Face the Facts

Young fact-checkers explain how to discern info online


Overview

PBS NewsHour Student Reporting Labs, in partnership with the Poynter Institute's MediaWise, hosted “Face the Facts: Election 2020 Youth Town Hall.” The virtual event engaged students and first-time voters to be prepared and better informed ahead of the November elections.

Watch the video below with students and then answer the discussion questions to learn how teen fact-checkers sift through a sea of misinformation to find trusted sources.

DISCUSSION QUESTIONS:

First, have your students identify the 5Ws and an H:

  • Who is offering insights on misinformation in this segment and what are their backgrounds?
  • What are some types of misinformation common online?
  • When and where are people exposed to misinformation, according to the three students reporters in the segment?
  • Why do fact checkers and journalists have a hard time keeping up with misinformation online?
  • How can you assess whether information is likely false or misleading, according to the student reporters in the segment?

CRITICAL THINKING QUESTIONS:

  • What tools for assessing misinformation did you find particularly helpful?
  • Have you ever tried to determine the reliability of memes or social media posts before? If so, what method did you use?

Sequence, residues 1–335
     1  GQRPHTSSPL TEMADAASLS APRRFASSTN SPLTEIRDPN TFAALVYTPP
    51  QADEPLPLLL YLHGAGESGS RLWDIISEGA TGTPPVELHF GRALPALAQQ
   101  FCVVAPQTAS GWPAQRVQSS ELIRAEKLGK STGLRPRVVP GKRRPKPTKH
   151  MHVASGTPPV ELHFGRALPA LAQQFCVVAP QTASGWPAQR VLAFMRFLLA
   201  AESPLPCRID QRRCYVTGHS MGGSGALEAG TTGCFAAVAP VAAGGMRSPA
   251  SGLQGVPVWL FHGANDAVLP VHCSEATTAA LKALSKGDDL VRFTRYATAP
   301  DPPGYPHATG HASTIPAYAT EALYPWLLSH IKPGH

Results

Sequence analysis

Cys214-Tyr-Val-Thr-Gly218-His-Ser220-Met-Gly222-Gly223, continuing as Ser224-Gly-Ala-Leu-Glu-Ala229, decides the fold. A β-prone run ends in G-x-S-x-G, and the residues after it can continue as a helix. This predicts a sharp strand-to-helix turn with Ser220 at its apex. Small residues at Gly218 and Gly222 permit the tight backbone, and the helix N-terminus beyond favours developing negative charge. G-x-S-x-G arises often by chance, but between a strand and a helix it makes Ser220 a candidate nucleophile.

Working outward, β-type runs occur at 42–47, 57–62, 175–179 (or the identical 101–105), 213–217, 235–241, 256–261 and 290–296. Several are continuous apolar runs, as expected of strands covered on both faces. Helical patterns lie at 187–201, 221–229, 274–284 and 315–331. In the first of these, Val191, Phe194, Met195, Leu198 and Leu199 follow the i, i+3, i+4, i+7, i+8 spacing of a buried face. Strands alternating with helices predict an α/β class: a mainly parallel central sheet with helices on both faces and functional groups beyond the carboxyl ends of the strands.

• Have you ever used a reverse image search or lateral reading to try and determine the reliability of a meme, post or article?
  • How would you determine the objective or bias of an information source if you wanted to test its credibility?

***Questions were written by SRL’s sister site, PBS NewsHour Extra***

Resources

More from Face the Facts:

Writing - Research to Build and Present Knowledge

Speaking and Listening - Presentation of Knowledge and Ideas

Empowered Learner

Students leverage technology to take an active role in choosing, achieving, and demonstrating competency in their learning goals, informed by the learning sciences. (ISTE)

Digital Citizenship

Students recognize the rights, responsibilities and opportunities of living, learning and working in an interconnected digital world, and they act and model in ways that are safe, legal and ethical. (ISTE)

Analyze the legal and ethical responsibilities required in the arts, audio/visual technology and communications workplace.

Civic and Political Institutions

In order to act responsibly and effectively, citizens must understand the important institutions of their society and the principles that these institutions are intended to reflect. That requires mastery of a body of knowledge about law, politics, and government. (NCSS D2.Civ.1.9-12 - D2.Civ.6.9-12)

Gathering and Evaluating Sources

Whether students are constructing opinions, explanation, or arguments, they will gather information from a variety of sources and evaluate the relevance of that information. (NCSS D3.1.9-12 - D3.2.9-12)

Speaking and Listening - Comprehension and Collaboration

Topics

Journalism

Civics

Elections

Media Literacy

Digital Literacy/Citizenship

Levels

Beginner

Intermediate

Materials

Internet

Notebook

Estimated Time

30 Minutes